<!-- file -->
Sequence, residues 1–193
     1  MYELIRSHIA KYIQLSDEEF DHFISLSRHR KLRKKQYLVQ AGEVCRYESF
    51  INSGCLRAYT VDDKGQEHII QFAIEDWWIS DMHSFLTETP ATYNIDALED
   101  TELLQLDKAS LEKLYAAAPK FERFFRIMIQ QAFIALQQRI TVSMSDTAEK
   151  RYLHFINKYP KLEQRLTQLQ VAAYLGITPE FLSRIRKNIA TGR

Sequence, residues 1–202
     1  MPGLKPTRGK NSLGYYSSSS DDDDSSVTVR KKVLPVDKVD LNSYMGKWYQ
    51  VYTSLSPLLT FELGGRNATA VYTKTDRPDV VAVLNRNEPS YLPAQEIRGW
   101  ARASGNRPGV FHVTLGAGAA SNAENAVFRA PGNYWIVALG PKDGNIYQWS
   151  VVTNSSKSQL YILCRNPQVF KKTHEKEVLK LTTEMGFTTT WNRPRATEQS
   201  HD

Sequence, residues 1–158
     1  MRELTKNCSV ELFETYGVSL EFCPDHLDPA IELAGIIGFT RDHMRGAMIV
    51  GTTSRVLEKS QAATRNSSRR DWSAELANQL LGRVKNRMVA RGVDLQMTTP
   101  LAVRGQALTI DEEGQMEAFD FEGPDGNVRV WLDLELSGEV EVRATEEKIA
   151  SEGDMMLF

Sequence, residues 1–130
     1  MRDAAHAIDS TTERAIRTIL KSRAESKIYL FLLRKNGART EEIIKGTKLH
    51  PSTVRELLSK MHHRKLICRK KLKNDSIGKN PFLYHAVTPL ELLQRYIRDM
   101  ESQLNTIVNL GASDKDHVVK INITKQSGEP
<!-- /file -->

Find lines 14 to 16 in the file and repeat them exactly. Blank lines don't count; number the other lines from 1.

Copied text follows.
    51  GTTSRVLEKS QAATRNSSRR DWSAELANQL LGRVKNRMVA RGVDLQMTTP
   101  LAVRGQALTI DEEGQMEAFD FEGPDGNVRV WLDLELSGEV EVRATEEKIA
   151  SEGDMMLF